7 December 2015

Ordinariate Use (aka the Pope Francis Missal) (12)

Ah, the Nicene Creed. It's almost died out in a lot of 'diocesan' churches. So many clerics seem intensely focussed on achieving extreme brevity in the important parts of Holy Mass (by using, pretty exclusively, the Dewfall Trattoria Eucharistic Prayer; the Apostles' Creed ...) so as to provide plenty of time for highly unfortunate unmusical ditties to drivel on and on. No wonder so many of their faithful are so poorly catechised. The Pope Francis Missal will prevent that from happening among us! Viva il Papa!


5 comments:

ansgerus said...

It is not seeking brevity, it is the neglecting of the fundamental truths which the Nicaeum is expressing so clearly.

Jason W. said...

What exactly did Pope Francis have to do with this Missal that you are labeling it the "The Pope Francis Missal". He might have promulgated it, but it was hardly his doing. If you are going to give credit for anyone, give it to B16 since the majority of this work was done prior to Francis anyway.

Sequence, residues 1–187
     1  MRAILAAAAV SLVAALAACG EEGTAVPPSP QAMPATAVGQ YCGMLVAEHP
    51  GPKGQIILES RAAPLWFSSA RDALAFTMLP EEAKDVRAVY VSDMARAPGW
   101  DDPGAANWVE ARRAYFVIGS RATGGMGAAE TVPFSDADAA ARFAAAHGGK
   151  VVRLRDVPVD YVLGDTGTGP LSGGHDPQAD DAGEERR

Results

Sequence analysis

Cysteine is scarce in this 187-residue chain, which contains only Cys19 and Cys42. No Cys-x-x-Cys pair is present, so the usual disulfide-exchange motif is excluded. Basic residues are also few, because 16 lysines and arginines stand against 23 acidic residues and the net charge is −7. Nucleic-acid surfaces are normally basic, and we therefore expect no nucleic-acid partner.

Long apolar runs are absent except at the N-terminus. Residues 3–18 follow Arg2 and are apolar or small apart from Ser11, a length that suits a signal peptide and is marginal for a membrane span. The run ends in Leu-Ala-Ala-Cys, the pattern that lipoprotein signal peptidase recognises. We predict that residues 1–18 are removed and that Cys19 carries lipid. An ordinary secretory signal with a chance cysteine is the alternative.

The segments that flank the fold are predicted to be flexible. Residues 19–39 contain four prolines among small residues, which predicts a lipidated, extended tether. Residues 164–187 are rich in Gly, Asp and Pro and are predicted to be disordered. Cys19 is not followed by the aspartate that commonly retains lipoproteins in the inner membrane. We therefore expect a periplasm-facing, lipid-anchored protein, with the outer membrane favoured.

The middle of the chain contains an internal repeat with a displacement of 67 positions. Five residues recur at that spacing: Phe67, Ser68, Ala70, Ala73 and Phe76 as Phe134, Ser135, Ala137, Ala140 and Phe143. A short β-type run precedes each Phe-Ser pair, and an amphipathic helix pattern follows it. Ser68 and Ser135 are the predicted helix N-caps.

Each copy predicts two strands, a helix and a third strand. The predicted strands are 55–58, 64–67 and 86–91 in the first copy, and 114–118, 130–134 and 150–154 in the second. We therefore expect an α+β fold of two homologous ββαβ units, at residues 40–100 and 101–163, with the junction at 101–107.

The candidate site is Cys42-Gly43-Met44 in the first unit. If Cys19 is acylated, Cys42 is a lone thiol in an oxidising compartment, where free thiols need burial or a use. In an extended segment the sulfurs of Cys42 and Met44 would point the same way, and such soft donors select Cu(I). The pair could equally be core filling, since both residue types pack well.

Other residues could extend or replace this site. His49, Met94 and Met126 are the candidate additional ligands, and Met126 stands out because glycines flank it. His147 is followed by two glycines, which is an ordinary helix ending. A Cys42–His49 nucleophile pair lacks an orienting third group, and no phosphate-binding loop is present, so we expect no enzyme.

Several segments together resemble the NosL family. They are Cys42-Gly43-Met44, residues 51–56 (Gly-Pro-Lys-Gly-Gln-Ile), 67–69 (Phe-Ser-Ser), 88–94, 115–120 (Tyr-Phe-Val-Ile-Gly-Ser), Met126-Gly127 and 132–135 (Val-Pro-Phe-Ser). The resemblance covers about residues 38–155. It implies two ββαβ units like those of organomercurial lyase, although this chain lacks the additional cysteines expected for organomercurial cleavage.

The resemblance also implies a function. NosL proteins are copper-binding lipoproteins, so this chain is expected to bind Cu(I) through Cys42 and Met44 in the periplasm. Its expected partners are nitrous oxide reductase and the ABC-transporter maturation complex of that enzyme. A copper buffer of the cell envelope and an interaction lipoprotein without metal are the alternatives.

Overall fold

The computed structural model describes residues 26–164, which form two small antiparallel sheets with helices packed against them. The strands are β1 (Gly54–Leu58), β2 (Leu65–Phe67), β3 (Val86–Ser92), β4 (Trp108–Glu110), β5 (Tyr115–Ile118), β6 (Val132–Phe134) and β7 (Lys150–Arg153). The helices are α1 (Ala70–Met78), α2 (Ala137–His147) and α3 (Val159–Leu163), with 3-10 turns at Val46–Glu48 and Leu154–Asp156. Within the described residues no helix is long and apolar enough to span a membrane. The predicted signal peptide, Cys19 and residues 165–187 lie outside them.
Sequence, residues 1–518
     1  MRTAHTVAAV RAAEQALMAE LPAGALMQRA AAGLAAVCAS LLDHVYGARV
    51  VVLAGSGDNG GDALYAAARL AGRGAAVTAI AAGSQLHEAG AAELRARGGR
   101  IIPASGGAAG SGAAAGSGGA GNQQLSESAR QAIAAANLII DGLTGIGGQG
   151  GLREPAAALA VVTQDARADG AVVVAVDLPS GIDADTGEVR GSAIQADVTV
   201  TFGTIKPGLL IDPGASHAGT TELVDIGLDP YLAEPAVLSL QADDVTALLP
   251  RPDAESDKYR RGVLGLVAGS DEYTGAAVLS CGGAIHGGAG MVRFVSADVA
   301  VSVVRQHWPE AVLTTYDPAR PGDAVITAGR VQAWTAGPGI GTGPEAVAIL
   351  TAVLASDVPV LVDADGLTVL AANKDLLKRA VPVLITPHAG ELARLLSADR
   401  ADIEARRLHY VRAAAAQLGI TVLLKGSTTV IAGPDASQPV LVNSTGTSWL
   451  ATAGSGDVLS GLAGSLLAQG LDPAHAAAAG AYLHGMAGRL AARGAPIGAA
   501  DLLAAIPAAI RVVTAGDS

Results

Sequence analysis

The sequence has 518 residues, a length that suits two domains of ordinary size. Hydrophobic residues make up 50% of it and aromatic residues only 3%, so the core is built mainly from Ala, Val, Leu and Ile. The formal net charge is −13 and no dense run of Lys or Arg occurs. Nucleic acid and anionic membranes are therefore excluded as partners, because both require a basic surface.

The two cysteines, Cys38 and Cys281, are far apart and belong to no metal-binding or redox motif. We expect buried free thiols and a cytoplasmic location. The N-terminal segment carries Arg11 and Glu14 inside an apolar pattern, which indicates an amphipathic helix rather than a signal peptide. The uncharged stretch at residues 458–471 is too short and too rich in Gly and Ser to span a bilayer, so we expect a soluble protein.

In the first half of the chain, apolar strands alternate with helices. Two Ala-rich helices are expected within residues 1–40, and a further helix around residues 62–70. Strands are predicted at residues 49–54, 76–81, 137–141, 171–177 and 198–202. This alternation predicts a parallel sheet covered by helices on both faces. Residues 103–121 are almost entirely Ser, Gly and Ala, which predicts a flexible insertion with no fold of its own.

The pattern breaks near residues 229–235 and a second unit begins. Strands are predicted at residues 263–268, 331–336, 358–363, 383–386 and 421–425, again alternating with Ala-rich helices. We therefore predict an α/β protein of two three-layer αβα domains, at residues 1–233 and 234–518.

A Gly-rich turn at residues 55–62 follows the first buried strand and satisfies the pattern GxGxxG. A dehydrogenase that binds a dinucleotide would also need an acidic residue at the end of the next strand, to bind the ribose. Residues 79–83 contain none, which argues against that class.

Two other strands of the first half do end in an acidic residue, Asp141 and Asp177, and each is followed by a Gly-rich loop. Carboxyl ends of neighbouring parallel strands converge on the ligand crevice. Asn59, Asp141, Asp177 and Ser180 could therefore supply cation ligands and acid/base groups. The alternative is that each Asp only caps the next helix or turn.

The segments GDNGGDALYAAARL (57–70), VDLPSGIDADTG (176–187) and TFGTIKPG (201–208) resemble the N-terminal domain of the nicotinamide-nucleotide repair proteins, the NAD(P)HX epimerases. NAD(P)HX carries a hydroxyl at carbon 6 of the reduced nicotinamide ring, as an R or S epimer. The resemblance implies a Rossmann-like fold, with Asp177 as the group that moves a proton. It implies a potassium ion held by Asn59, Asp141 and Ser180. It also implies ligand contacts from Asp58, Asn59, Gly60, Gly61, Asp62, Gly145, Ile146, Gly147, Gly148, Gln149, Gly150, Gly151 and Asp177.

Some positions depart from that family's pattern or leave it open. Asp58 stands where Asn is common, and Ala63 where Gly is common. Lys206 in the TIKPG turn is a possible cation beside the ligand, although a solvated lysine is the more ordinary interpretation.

Liam Ronan said...

Ah! But haven't we had an abundance of Pope Francis missiles already, Father?

Marc Puckett said...

It is distressing to learn that the Nicene Creed is abandoned in many places, tsk. We may not have Holy Mass in the traditional Rite at my parish or decent music but, Deo gratias, we have none of that sort of nonsense.

ansgerus said...

In many German congregations instead of any creed, songs are used, simple hymns which you find in the hymnal book under the title "for the creed". This is an abuse which is clearly condemned by Redemptionis Sacramentum 69, but still very common in this country, even in cathedrals. Or is a hymnal counting within the "approved liturgical books" mentioned in above instruction? Has anyone of this illustre circly an evidence which creeds are officialy allowed for the use in the Holy Mass, and especially in case of a Sung Sunday Mass?